Michelle Li wins Pan Am gold as Canada wins four badminton medals on day
MARKHAM, Ont. — Canadian teammates Michelle Li and Rachel Honderich didn't change their pre-game routines knowing they'd be facing each other for Pan Am gold on Thursday.
The roommates and good friends enjoyed breakfast together, worked out at the gym and then travelled together to the venue. It was very much like a usual practice day except this time the stakes were much higher.
Instead of heading down the road to their nearby training facility, they took to centre court at a packed Atos Markham Pan Am/Parapan Am Centre. It was there that Li turned from friend to foe, topping her doubles partner 21-15, 21-9 to successfully defend her Pan Am singles title.
"It is tough to have to beat a friend," Li said. "To see her lose, it's not something I want. But I guess we're both mature enough to know that when we're on court, it's for yourself."
It was a four-medal day for the Canadian badminton team.
Canada's Toby Ng and Alex Bruce won silver in mixed doubles after dropping a 21-9, 21-23, 21-12 decision to Americans Phillip Chew and Jamie Subandhi. In the men's singles final, Kevin Cordon of Guatemala beat Canada's Andrew d'Souza 21-13, 21-14.
The capacity crowd cheered both players equally in the women's final. The 23-year-old Li is from Markham while her 19-year-old teammate is a Toronto native.
Honderich matched her more experienced opponent over the first half of the opening game as both players settled in. Honderich delivered a beautiful cross-court drop to take an 11-10 lead into the break.
When they returned to the court, Honderich made a number of unforced errors and Li started to pull away. Li started to use a more attacking style and forced Honderich to play a defensive game.
"It's tough because we both know each other's games so well," Honderich said.
Li didn't appear to be hampered physically despite wearing support wraps on her right leg to help with quadriceps and Achilles tendon injuries. She seemed to float around the court with her usual fluidity and regularly made the hometown crowd gasp with her remarkable retrieving skills.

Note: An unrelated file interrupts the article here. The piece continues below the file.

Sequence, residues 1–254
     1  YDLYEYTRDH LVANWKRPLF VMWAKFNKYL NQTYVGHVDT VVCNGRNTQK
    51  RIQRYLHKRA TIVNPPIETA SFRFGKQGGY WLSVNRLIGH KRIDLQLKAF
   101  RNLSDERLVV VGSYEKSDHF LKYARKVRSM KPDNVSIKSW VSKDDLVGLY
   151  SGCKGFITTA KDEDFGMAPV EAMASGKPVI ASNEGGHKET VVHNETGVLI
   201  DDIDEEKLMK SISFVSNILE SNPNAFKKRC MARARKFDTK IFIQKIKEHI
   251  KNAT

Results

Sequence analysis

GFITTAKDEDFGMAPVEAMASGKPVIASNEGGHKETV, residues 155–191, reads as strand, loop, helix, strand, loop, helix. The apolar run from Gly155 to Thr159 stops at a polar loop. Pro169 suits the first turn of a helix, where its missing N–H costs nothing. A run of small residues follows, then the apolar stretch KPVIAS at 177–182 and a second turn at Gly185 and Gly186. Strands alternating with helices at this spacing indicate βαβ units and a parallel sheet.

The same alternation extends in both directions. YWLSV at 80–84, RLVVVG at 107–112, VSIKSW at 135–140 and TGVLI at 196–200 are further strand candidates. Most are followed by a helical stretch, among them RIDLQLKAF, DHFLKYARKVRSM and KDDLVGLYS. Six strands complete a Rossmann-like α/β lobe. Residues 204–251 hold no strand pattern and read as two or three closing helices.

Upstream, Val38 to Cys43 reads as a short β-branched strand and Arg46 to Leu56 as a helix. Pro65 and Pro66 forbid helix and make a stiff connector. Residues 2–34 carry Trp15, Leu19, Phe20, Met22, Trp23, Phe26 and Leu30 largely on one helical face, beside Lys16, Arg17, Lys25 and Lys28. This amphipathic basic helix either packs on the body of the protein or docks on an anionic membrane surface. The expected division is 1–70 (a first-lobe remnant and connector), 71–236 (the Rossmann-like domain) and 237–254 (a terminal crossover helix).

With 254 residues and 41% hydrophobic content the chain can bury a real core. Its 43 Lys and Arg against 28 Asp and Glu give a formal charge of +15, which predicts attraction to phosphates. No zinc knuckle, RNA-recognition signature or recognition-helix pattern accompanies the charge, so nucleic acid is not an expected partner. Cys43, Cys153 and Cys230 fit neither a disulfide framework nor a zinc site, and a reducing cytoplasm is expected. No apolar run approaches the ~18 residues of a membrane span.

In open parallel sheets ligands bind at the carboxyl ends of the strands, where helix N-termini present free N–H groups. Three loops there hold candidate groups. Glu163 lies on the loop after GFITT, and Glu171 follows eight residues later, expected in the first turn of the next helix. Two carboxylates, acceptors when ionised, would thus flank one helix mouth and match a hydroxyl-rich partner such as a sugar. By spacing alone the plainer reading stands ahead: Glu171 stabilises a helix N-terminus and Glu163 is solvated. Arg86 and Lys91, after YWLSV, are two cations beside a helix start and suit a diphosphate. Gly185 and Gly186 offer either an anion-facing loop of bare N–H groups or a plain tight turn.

"I just tried to move her to four corners before attacking," Honderich said. "But she's a very strong player so you can't start attacking too soon or she'll put you out of position. So I tried to move her around the court as much as I could but she played really well."
Li won Pan Am gold four years ago at the 2011 Games in Guadalajara, Mexico. She also won women's doubles gold that year with Bruce.
Both Li and Honderich kept their emotions in check throughout the match. There was only the occasional fist pump as both players let the crowd do the hooting and hollering.
It was remarkably different scene in the mixed doubles encounter as the Canada-U.S. rivalry was renewed. The rallies were fast and both teams used a wide variety of shots and styles.
Ng, from Vancouver, and Bruce, from Toronto, let out roars when the shuttle hit the net tape and fell on their opponents' side to set up a game point. They pulled out the game in extra points but couldn't repeat the effort in the deciding game.
D'Souza, meanwhile, had the partisan crowd on his side in the late match but couldn't use it to his advantage. Cordon was relentless in his attack and kept the Ottawa player on his heels.
Canada won six badminton medals in all over the week. Li and Honderich won doubles bronze while Bruce and Phyllis Chan of Vancouver also took third place after losing their semifinal.
The Canadian Press